Las Lindas (2016)

What does it mean to grow up into a young woman who doesn’t resemble the feminine ideal? Do you fight against the hand nature dealt you – diligently shaving and plucking body hair, or do you forge a new space to live in your own way. Las Lindas (‘The Pretty Ones’) is a meandering essay film by 24-year-old Argentinian, Melissa Liebenthal that asks such questions. By existing, it expands the scope of female models in our film world. Melissa lightly mocks her non-photogenic qualities with a montage of photos of her younger self, glaring in baggy trousers. Masses of old photos and home movies depict a female friendship circle that has altered over the years but broadly remained constant. It’s fascinating to behold at what stage some of Melissa’s friends morph into conventional beauties, and a new measure of social power is born. A present day Melissa interviews her energetic and opinionated pals, in the process revealing a range of perspectives on becoming women.

Orange Juice (1984)

It’s hard to explain how this aimless 41-minute film from 1984 of Edwyn Collins hanging out in his flat comes to feel intoxicating. Derek Jarman, behind the camera, talks up a storm, sometimes discussing what they’re doing (creating footage for the music video,‘What Presence?’), sometimes telling unrelated stories, like the one about the time he saw a hand sticking out of a coffin in Italy. Collins and his bandmates are unprepossessing screen presences. These Scottish indie waifs potter about, acting good-natured, and a little baffled by Jarman’s filmic aims. Initially, this bafflement is shared by the viewer. As the camera swings around the garden, pursuing a cat, or briefly fascinated by a neighbour’s washing, the point is unclear. Eventually Jarman’s soothing raconteur skills wash over you, complemented by searching visuals, and it becomes clear that this is how the great director worked: via social hypnotism.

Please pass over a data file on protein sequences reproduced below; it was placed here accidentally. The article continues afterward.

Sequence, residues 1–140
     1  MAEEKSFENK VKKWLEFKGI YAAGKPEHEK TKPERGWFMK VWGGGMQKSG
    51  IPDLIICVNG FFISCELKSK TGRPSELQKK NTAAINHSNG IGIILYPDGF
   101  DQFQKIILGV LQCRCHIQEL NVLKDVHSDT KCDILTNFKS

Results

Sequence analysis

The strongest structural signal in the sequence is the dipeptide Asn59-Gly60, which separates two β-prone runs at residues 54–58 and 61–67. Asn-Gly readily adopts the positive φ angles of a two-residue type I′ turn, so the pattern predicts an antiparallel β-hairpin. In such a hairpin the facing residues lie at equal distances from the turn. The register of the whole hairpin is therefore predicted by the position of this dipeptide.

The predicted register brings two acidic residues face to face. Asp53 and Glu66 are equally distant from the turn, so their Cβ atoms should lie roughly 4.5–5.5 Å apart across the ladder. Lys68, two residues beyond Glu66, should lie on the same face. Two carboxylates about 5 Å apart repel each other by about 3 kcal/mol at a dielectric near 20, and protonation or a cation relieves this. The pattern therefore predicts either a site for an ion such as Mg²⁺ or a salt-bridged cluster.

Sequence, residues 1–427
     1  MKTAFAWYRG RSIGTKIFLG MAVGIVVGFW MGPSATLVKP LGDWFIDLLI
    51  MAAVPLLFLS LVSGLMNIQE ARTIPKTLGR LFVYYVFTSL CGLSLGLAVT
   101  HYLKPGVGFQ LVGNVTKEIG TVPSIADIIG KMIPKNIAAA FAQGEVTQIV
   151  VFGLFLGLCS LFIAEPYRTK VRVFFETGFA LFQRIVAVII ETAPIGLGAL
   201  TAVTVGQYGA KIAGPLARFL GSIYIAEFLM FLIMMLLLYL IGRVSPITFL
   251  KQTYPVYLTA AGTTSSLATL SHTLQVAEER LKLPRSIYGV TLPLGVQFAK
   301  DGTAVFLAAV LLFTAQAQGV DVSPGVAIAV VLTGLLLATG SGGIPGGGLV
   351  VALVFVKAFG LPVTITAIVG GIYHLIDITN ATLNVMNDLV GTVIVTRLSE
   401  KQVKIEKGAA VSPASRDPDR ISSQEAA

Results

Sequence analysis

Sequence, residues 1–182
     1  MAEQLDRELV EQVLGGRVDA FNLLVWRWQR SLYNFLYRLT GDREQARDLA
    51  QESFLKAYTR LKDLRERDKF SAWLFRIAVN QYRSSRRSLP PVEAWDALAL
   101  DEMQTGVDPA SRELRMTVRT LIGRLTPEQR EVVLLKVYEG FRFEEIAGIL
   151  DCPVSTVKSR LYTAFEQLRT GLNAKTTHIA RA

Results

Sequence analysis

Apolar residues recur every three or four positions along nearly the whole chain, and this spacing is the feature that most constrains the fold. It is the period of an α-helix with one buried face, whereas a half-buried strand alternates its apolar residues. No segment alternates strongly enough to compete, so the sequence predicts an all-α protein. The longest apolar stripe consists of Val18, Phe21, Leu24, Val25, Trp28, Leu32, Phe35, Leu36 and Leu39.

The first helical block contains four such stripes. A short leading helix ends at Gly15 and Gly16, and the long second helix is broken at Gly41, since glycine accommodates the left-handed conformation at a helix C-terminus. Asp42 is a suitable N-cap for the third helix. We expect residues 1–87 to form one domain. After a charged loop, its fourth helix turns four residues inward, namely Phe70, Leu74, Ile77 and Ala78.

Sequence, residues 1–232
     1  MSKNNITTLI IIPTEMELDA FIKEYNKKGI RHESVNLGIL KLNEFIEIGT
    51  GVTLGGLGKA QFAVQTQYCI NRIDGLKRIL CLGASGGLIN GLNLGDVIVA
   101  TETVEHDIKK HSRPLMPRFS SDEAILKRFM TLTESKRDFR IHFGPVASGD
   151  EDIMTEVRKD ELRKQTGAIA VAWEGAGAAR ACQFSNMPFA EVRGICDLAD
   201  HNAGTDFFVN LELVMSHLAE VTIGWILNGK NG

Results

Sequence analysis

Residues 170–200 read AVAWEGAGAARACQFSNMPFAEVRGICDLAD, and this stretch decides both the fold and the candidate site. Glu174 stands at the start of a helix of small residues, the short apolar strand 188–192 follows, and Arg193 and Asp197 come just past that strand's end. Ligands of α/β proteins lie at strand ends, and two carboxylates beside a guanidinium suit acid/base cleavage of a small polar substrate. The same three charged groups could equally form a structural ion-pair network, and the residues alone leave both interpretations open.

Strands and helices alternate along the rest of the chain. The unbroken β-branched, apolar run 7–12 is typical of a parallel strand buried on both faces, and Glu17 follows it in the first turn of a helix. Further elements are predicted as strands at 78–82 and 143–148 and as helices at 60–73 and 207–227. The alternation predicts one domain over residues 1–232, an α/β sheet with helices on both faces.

Coming Out (2015)

Young American filmmaker Alden Peters takes a subject that has been explored to death and makes a fresh, relevant and inclusive documentary which connects to the struggle to express personal identity within wider society. Narration over internet searches and vérité footage of friends, family and experts on sexuality are interspersed with YouTube ‘coming out’ videos. The internet as a provider of community, and as a portal to information and stories, gives this documentary a timely edge. Peters uses his story as a conduit to the broader issues that affect young closeted gays. He looks inwards with as much rigour as outwards, admitting that he related to Tyler Clementi, an 18-year-old who committed suicide in 2010 after being outed.

Coming Out’s arc is Alden coming out to more and more people, starting with his brother and ending with changing his ‘interested in’ Facebook status. He is an intelligent, questioning screen presence able to bring out the characters of those around him. Janet Mock is a stand-out interviewee. She finds the place where homophobia segues into judgement according to gender norms. Peters’ film concerns itself not only with coming out, but with what happens next. Integrating a complex self into society is shown as a long road, and this doc is fuel for that journey.

For more info on Queer Lisboa visit queerlisboa.pt

Published 12 Oct 2016